Apple, rhubarb and strawberry crumbleNational Pharmacies
Preparation time: 30 minutes
Cooking time: 35 minutes
Apple, rhubarb & strawberry filling
750g Granny Smith Apples, peeled, cored and diced 500g rhubarb, cut into 1cm pieces
250g punnet strawberries, hulled and quartered
3⁄4 cup (165g) caster sugar
2 teaspoons vanilla extract
1⁄4 cup (60ml) freshly squeezed orange juice nely grated zest of 1⁄2 orange
1 cup (150g) wholemeal plain our 2/3 cup (150g) brown sugar
2 teaspoons ground cinnamon 150g unsalted butter, diced
1⁄2 cup (45g) rolled oats
1⁄2 cup (40g) shredded coconut
1⁄4 cup (40g) raw almonds, roughly chopped
- Preheat oven to 180°C (160°C fan-forced).
- In a large mixing bowl combine apple, rhubarb and strawberries, orange juice, sugar, vanilla and zest, tossing until well combined. Place mixture in a large baking dish and cook in preheated oven for 30 minutes.
- Meanwhile for the crumble, combine the our, sugar and cinnamon together in a mixing bowl, stirring to combine. Add diced butter and using clean fingertips, rub the butter into the our mixture until mixture resembles coarse breadcrumbs. Add the oats, coconut and almonds, rubbing mixture to combine.
- Remove baked fruit from oven, scatter crumble over the top and return baking dish to oven for 25 minutes or until crumble is golden.
- Serve crumble with Greek yogurt, custard or vanilla ice cream.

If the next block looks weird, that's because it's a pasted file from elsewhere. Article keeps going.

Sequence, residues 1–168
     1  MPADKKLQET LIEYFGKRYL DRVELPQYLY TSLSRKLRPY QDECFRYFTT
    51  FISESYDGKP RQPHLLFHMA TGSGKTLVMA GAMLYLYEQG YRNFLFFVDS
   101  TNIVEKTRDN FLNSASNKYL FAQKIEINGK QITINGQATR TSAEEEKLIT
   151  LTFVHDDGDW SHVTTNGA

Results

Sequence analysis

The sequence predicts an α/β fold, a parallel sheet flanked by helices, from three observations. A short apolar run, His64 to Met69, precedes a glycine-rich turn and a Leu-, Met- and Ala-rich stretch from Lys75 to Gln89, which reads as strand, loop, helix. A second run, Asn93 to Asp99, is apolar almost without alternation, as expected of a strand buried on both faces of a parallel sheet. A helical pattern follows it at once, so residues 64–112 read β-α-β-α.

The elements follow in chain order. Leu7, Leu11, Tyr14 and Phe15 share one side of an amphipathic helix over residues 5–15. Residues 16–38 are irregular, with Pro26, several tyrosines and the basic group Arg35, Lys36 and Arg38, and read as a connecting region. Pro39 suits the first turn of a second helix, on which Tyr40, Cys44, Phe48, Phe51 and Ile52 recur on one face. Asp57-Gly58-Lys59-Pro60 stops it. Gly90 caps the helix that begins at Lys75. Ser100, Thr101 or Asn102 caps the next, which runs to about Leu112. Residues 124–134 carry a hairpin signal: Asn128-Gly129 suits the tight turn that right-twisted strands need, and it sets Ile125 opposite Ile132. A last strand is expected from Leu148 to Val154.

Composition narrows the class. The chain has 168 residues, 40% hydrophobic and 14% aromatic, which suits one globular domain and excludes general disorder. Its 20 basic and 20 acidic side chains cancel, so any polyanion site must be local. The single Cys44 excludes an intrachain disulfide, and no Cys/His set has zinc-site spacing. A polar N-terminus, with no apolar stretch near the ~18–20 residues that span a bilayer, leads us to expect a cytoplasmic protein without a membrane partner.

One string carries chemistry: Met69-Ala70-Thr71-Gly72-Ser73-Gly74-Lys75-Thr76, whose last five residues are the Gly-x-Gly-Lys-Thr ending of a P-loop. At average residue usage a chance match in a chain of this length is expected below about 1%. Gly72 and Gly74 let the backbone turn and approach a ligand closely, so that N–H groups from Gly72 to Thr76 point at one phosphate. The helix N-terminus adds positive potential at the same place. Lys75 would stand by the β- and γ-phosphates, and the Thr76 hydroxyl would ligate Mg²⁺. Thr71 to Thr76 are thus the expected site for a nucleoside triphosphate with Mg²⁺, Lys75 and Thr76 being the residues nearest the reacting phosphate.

From the dietitian
Getting kids into the kitchen – more tips and benefits
Involving kids in choosing and preparing meals makes it more likely they will eat the food, so it’s a great way to introduce them to new foods! Toddlers may need to see a food many times before they will even try it, so being involved in the mealtime preparation helps them become familiar with new foods. You can involve toddlers in the kitchen with simple tasks such as:
• Help count out ingredients, for example “5 apples”.
• Help rinse fruits and vegetables, tear lettuce or basil leaves.
• Handing you safe, light utensils.
• Pouring dry ingredients into a mix and stirring with a wooden spoon.
Reinforce children’s learning about cooking by talking about where different foods come from, the Five Food Groups we need every day for good health and ‘occasional’ foods to eat less of (see www.eatforhealth.gov.au). For more ideas
on cooking with kids, visit www.raisingchildren.net.au.
* Supervise kids when using sharp knives or other sharp utensils. Preschoolers can safely learn to chop softer fruits and vegetables with plastic knives.
Recipes and Food Styling by Fiona Roberts.
Photography by David Sievers.
Consultant Dietitian: Julie-Anne McWhinnie – Accredited Practicing Dietitian.
The content displayed on this webpage is intended for informational purposes and should be used as a guide only. This information does not replace or substitute professional medical advice, diagnosis or treatment. Information contained on this webpage must be discussed with an appropriate healthcare professional before any action is taken based on the content of this webpage.